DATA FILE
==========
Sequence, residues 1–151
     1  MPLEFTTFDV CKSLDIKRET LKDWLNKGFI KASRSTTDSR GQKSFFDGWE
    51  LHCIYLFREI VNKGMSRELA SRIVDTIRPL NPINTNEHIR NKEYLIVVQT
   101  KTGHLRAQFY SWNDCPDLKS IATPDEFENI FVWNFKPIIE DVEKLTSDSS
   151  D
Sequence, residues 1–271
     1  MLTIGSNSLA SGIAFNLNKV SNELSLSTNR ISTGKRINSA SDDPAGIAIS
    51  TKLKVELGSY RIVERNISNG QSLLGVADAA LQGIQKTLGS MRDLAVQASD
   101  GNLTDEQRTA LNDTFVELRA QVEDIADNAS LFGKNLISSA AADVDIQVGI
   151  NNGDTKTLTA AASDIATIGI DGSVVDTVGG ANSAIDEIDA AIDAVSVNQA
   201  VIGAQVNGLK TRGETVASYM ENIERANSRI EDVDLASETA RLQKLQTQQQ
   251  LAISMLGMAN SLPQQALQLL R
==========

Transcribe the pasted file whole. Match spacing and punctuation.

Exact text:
Sequence, residues 1–151
     1  MPLEFTTFDV CKSLDIKRET LKDWLNKGFI KASRSTTDSR GQKSFFDGWE
    51  LHCIYLFREI VNKGMSRELA SRIVDTIRPL NPINTNEHIR NKEYLIVVQT
   101  KTGHLRAQFY SWNDCPDLKS IATPDEFENI FVWNFKPIIE DVEKLTSDSS
   151  D
Sequence, residues 1–271
     1  MLTIGSNSLA SGIAFNLNKV SNELSLSTNR ISTGKRINSA SDDPAGIAIS
    51  TKLKVELGSY RIVERNISNG QSLLGVADAA LQGIQKTLGS MRDLAVQASD
   101  GNLTDEQRTA LNDTFVELRA QVEDIADNAS LFGKNLISSA AADVDIQVGI
   151  NNGDTKTLTA AASDIATIGI DGSVVDTVGG ANSAIDEIDA AIDAVSVNQA
   201  VIGAQVNGLK TRGETVASYM ENIERANSRI EDVDLASETA RLQKLQTQQQ
   251  LAISMLGMAN SLPQQALQLL R